We examined whether the discrete, other-directed emotions of anger and compassion exert a greater influence on negotiations than mood. Drawing on cognitive appraisal theories of emotion, we specifically tested whether negotiators who felt high anger and low compassion for each other would (1) have less desire to work with each other in the future, (2) achieve fewer joint gains, and (3) successfully claim more value for themselves than negotiators who had more positive emotional regard for the other party. The results of a mixed-motive simulation experiment confirmed the first two predictions but not the last. The results confirmed that anger and compassion exerted a greater influence than mood. These findings indicate why prior advice stemming from the conflict and negotiation literature for managing anger has been counterproductive and suggest contrasting prescriptions.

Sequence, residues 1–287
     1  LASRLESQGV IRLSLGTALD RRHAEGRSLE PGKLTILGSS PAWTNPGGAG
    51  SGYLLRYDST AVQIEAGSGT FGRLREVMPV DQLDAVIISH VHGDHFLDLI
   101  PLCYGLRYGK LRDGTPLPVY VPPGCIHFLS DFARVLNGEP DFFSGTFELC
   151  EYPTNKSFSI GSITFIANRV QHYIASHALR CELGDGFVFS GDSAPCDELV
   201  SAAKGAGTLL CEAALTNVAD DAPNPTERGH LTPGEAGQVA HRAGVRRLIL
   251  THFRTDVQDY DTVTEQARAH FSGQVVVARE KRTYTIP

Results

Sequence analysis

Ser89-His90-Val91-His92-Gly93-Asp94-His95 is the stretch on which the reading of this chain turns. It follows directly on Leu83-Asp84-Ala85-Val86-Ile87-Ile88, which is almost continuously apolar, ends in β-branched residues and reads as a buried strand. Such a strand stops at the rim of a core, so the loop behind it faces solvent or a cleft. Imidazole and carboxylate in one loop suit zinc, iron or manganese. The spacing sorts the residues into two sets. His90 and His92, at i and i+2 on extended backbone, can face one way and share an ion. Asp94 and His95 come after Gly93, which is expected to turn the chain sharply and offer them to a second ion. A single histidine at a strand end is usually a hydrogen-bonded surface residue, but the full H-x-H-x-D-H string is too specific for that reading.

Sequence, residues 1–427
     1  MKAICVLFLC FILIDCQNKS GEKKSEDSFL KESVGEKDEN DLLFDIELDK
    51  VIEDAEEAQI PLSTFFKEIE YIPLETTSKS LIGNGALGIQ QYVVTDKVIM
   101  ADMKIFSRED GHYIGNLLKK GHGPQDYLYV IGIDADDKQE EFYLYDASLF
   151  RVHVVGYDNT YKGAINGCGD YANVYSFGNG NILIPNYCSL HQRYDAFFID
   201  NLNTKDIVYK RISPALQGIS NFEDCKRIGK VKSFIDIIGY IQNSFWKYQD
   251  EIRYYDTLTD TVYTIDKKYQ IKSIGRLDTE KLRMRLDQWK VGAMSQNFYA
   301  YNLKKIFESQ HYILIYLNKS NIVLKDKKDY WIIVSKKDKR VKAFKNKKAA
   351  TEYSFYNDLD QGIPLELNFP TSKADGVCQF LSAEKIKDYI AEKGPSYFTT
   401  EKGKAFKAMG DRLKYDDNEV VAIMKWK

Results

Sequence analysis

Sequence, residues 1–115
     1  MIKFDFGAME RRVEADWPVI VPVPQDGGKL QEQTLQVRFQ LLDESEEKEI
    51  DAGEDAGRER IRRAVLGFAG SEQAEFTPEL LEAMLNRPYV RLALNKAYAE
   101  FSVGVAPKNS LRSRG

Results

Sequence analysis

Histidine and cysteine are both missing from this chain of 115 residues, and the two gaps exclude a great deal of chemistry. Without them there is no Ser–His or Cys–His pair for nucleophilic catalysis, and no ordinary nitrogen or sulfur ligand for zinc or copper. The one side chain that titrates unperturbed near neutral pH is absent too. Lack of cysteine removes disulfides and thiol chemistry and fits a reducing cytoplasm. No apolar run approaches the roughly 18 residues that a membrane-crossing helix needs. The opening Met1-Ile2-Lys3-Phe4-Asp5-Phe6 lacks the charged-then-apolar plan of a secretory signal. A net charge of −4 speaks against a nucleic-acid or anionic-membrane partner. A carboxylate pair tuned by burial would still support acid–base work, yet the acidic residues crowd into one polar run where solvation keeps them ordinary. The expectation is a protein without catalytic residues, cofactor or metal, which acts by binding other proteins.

Organizational Behavior and Human Decision Processes – Elsevier
Published: Jun 1, 1997
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